That’s right: eating helps us to maintain our body weight! Individuals who regularly eat breakfast have lower body weights and lower body mass indices (BMIs) compared to those who skip breakfast. This is true not only in children and adolescents, but also in adults. For example, this benefit of breakfast intake was reported by physicians in the USA who are participating in a physician health study. Changing eating patterns to routinely include breakfast may be especially important for those who have dieted to reduce weight. Individuals who included breakfast in their lifestyle, after losing weight, were more successful in keeping the extra pounds off compared to those who were not eating breakfast.

Eating breakfast helps us control our hunger over the course of the day. Not experiencing hunger can help us avoid snacking between meals and overeating at meals. The type of foods we choose during the day can also help us control our hunger.

Controlling Your Hunger

The potential to curb appetite and reduce feelings of hunger has led many researchers to study the satiating properties of different types of food.

Protein is considered one of the most satiating of nutrients (compared to carbohydrates and fat). This means it helps us feel full for longer periods of time and helps us reduce the amount of food that we consume at our next meal.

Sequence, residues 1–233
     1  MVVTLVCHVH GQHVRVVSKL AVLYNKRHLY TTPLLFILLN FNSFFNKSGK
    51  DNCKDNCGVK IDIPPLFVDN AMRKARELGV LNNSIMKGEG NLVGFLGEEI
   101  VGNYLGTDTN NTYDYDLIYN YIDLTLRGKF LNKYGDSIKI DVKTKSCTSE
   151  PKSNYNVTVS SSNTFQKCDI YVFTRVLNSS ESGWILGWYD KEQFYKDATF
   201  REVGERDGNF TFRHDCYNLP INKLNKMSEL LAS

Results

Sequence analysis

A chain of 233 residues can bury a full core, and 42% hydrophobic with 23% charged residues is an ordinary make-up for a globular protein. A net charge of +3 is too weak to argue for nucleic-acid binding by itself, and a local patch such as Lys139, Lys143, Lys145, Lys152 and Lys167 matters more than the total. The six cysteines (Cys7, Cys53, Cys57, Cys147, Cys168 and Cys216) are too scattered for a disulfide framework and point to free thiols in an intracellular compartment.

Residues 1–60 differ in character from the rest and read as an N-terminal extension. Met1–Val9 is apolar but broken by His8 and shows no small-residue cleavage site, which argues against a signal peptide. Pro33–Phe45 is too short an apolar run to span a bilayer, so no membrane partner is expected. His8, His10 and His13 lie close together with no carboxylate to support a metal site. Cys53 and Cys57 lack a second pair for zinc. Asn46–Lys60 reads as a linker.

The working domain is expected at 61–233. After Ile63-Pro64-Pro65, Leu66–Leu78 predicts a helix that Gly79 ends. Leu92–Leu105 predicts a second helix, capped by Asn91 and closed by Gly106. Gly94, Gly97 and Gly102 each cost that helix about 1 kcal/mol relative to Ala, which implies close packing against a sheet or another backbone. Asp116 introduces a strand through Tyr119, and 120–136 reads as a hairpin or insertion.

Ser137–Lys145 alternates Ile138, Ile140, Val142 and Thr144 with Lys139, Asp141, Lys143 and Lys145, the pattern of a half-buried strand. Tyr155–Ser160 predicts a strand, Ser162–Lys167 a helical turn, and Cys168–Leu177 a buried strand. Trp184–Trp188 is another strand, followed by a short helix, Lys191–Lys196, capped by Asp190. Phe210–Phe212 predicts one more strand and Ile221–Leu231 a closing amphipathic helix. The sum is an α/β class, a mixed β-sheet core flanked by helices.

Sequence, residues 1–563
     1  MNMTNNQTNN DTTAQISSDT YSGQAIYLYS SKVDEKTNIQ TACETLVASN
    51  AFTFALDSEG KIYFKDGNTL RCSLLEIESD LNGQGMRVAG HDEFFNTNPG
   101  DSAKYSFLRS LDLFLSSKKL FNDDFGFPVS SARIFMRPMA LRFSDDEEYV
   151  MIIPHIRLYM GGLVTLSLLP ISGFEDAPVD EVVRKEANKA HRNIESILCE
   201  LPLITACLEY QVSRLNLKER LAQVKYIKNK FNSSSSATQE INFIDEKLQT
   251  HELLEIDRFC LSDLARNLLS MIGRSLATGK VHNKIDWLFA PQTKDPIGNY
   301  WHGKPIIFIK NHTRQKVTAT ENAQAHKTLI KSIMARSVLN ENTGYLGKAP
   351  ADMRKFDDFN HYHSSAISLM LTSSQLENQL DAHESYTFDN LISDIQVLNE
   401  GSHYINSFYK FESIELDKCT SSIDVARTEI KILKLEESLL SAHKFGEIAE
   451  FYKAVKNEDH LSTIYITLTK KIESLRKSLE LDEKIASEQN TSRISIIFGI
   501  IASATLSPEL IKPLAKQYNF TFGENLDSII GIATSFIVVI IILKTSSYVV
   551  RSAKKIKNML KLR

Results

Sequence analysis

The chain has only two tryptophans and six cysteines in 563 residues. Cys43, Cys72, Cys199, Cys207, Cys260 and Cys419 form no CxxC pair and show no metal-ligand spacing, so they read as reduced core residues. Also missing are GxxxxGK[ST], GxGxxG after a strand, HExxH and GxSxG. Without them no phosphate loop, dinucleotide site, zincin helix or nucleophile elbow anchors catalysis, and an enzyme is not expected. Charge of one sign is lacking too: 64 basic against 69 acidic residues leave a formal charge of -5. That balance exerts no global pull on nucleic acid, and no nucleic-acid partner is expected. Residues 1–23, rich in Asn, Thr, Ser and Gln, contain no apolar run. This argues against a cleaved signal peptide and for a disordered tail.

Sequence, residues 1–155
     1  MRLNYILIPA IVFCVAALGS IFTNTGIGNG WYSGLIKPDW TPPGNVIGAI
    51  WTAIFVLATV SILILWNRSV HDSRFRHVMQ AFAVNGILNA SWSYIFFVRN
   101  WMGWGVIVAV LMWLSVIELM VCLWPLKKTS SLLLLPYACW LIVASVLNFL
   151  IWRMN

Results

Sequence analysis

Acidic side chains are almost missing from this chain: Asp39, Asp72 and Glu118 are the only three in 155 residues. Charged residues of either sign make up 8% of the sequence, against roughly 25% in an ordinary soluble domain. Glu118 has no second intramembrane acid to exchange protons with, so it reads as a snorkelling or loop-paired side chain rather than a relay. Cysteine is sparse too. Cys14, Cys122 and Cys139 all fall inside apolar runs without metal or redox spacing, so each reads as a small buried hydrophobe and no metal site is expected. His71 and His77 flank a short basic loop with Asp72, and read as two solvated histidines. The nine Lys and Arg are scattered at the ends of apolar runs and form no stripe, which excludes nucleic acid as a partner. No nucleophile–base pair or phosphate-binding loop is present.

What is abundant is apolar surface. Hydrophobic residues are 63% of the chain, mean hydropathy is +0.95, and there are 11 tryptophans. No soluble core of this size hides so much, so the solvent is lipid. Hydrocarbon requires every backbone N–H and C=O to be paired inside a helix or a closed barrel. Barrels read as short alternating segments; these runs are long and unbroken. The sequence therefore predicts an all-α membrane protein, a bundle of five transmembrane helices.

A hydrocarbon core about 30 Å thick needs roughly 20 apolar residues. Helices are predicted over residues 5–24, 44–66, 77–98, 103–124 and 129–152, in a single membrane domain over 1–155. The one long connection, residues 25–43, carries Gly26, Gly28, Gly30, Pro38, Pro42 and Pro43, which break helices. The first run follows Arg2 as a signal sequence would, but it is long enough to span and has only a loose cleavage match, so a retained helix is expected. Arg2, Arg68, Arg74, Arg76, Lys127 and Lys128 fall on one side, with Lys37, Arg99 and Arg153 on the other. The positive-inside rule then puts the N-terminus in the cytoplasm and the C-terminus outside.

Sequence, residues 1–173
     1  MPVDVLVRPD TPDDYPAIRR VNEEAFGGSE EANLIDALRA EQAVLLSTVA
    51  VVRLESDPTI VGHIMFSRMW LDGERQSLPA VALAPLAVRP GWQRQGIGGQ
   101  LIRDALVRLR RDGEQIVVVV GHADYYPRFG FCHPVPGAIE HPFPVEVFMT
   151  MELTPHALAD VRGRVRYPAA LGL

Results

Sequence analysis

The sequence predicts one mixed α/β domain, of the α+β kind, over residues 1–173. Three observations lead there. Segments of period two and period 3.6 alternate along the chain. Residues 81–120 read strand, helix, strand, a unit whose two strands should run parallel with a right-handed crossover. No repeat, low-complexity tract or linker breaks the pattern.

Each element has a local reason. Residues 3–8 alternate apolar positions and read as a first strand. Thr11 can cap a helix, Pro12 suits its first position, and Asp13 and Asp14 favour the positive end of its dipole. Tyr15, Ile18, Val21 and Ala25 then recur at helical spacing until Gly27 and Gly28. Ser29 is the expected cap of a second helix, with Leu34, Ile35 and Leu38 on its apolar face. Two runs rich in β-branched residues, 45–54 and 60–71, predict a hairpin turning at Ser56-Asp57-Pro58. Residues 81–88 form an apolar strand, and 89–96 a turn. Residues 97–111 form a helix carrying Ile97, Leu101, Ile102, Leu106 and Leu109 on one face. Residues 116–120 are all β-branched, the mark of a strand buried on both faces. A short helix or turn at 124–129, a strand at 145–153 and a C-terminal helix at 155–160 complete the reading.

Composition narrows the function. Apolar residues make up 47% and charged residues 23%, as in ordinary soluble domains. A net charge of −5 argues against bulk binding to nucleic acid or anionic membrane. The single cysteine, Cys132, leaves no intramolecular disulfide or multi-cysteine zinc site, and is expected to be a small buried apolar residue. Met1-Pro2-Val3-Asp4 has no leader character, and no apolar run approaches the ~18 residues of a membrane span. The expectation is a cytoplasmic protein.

The proteins found in dairy products are of special interest. While the evidence is still growing, research suggests that casein and whey, the major proteins in dairy products, are especially satiating. In addition, their metabolic processing may help us reduce the risk of developing metabolic syndrome—a health condition associated with increased risk of cognitive decline and possibly dementia.

You can easily add dairy foods at breakfast by including milk, low-fat yogurt and low-fat cheese in your breakfast pantry. Not only can this help you sustain a healthy body weight and better metabolic control, it can also help you get your recommended daily amount of calcium and vitamin D intake—two nutrients that are often lacking in the typical Canadian diet.

Have a little fun meeting your dairy requirements. For instance, try the Parliament Hill Smoothie—a smoothie recipe provided by Laureen Harper. Or explore other dairy-based breakfast meals such as the Overnight Swiss Chard, Sun-Dried Tomato and Mushroom Strata or Blintz Envelopes with Blueberries. All of these recipes have the added advantage of including fruit or vegetables and other healthy ingredients to improve their nutritional profile.